Written by Anir Senyah
It is a wondrous sight to see a group of Junkanoo performers dancing down the street. The tourists revel in the spirit of the music. They are enjoying the joyous spirit of carnival as the tradition is passed down from one generation to another.
However, the roots of Junkanoo are to be found in the continent of Africa. The most popular theory surrounding the name [originally referred to as John Canoe] is that John Canoe was an African trader on the West African Coast during the era of slavery. Whatever the origin of the name, the celebration began with the slaves who were transported across the Atlantic. Under British law, slaves in British colonies were given three days holiday at Christmas. Junkanoo has been documented in the former British territories of Jamaica, Belize, and North and South Carolina, but only in the Bahamas has Junkanoo grown into such an elaborate festival, one of which all Bahamians are justly proud.
Legend has it that the slaves attempted to decorate themselves by sticking materials to be found in their environment, such as paper and feathers, onto their clothes. Through the centuries, the costumes have always reflected the availability of materials in the society, and so from the feathers and scraps of the plantation, the costumes grew through a variety of materials: plant life, straw work, sponge, newspaper, tissue paper, and finally to the crepe paper of today. Nowadays, finely cut crepe paper is pasted onto cardboard shapes in the most intricate designs, using every colour in the spectrum. Costumes may be as tall as fifteen feet, and are danced for the entire parade. The music is also historically based, and is still centered around the traditional cowbells [which were originally used because of their availability on the plantations], and the goatskin drum, which is a staple African instrument. The traditional horn of Junkanoo was a conch shell, and today we also use a variety of whistles and other horns.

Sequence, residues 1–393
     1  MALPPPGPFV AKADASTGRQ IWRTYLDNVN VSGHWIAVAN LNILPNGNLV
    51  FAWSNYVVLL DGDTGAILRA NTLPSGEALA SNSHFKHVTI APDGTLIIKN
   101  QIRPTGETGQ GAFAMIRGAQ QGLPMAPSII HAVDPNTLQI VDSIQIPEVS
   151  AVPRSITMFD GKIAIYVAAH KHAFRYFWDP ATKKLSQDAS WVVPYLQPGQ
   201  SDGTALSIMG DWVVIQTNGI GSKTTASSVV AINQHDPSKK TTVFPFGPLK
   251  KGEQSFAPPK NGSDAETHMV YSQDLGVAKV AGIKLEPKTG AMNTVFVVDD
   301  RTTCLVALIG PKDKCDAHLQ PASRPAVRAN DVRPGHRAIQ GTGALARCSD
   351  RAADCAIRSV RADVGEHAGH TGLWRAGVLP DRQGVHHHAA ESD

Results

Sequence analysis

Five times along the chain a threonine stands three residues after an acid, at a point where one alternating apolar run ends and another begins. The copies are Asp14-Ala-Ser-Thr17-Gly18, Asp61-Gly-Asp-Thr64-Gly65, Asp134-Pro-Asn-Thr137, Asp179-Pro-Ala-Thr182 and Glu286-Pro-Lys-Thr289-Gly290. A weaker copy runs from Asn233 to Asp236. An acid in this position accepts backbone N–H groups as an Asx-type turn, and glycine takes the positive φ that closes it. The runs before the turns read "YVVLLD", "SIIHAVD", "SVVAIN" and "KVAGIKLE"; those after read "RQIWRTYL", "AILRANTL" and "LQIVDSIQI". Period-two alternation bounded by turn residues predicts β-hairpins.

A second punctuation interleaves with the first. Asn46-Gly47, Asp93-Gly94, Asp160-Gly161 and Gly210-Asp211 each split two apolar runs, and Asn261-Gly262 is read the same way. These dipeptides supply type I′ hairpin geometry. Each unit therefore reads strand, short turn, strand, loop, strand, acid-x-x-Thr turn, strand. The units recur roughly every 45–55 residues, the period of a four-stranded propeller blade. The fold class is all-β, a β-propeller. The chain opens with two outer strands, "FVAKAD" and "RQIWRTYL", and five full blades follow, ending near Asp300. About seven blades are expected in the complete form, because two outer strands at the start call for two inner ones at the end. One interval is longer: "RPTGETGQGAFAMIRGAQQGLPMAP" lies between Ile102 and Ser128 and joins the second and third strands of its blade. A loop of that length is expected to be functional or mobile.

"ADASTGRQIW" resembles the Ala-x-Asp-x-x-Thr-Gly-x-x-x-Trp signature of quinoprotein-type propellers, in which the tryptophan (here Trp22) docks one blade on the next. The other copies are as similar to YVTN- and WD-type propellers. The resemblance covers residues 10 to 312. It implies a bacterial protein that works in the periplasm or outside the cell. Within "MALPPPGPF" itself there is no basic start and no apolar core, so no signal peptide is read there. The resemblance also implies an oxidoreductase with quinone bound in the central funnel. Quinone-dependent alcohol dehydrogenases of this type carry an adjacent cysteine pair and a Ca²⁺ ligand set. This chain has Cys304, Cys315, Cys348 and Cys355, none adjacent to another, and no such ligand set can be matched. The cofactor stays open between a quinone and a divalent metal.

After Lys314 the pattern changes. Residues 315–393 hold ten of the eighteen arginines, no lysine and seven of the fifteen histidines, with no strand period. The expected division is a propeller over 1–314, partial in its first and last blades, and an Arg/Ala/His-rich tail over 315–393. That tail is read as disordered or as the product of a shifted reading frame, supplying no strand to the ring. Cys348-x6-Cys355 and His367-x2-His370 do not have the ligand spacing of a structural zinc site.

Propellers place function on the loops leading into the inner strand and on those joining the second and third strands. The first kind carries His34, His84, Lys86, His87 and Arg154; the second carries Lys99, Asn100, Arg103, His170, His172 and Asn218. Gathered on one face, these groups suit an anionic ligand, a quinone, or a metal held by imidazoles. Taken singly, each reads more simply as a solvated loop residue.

JUNKANOO, the major cultural festival of the Bahamas, is a magnificent celebration of life and freedom. It is celebrated in two spectacular parades on Boxing Day, December 26, and New Year’s day, January 1 of each year, from 1:00 a.m. to 9:00a.m. on Bay Street in downtown Nassau. Breath-taking costumes made from cardboard, wire, and finely cut crepe paper, are paraded to the unique sounds of pulsating goatskin drums, cowbells, horns, and whistles. The festival attracts large crowds of Bahamians and visitors, and has become a spectacle of colour and celebration. For Bahamians, it is the highpoint of the season: eight exhilarating hours in the early morning, when the nation’s main street is transformed into a sea of sight and sound that amazes, astounds, and enthrals all who view it.
Junkanoo parades are also held in most of the Family Islands of the Bahamas, but do not approach the elaborate scale of the parade in Nassau.
Junkanoo is a unique cultural phenomenon that is a ‘must’ activity for everyone in the Bahamas at Christmas time.
Arlene Nash Ferguson, who runs the museum said with a warm smile, " At its very core, the Junkanoo Festival speaks to the indomitable spirit of the people of The Bahamas. This is what we celebrate each year."